Heavy Moms Likelier to Pile Food on Kids' Plates: Study

Heavy Moms Likelier to Pile Food on Kids' Plates: Study

Heavy Moms Likelier to Pile Food on Kids' Plates: Study

Researcher suggests parents serve normal portions and let kids ask for more if they don't feel full

SOURCES: University of Florida, news release, July 12, 2016; June 2016, Journal of Human Nutrition and Dietetics

FRIDAY, July 15, 2016 (HealthDay News) -- Obese and overweight moms seem to serve their kids more food at meals, potentially boosting their risk for childhood obesity.

University of Florida researchers asked mothers to describe their level of hunger and that of their 3- to 6-year-olds before meals. Twenty-nine children took part in the study.

Women who were overweight or obese reported feeling hungrier and thought their kids were hungrier, too. Then, they gave them bigger portions.

"Because young children have difficulty recognizing when they are full, the more food they are presented at mealtime, the more they are likely to eat," lead investigator Sarah Stromberg said in a university news release. Stromberg is a doctoral student in the Department of Clinical and Health Psychology.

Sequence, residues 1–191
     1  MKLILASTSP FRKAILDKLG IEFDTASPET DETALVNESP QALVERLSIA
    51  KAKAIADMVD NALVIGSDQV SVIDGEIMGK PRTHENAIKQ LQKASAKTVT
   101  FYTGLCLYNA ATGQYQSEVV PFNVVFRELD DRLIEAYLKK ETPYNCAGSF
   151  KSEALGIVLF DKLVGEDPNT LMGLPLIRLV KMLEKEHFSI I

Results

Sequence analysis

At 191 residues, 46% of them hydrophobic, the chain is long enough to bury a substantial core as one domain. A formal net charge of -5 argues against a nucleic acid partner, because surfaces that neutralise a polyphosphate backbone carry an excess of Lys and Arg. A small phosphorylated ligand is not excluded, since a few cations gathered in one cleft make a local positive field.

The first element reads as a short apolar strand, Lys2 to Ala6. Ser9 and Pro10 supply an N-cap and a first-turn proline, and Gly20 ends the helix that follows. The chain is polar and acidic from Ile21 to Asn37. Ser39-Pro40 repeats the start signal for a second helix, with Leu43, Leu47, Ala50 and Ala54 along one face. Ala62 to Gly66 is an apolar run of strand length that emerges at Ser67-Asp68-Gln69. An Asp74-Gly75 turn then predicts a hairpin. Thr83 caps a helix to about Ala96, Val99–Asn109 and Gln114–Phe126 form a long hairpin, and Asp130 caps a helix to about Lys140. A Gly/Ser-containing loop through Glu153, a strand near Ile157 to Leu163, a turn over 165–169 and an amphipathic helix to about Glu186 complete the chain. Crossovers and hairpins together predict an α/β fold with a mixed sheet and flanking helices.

Study senior author David Janicke, a professor of clinical and health psychology, said, "If we can start to identify those factors, we might be able to intervene to help parents develop more appropriate portion sizes for younger kids, which hopefully can lead to a longer life of healthy eating habits."

The researchers noted that the findings are preliminary, because the study was small.

"This study was a good starting point, and ultimately if we're able to see these findings replicated we can intervene with knowledge, awareness and strategies to help parents and kids work together to limit how much kids are being served," Janicke said.

Meanwhile, how can parents make sure their kids don't eat to excess?

"Parents decide what to serve their kids and when, but kids still should have a reasonable amount of control over how much they eat," Janicke said. "If kids eat an appropriate serving size and are still hungry, they can ask for more."

The study appeared in the June issue of the Journal of Human Nutrition and Dietetics.

More information

For more about kids and diet, visit nutrition.gov.

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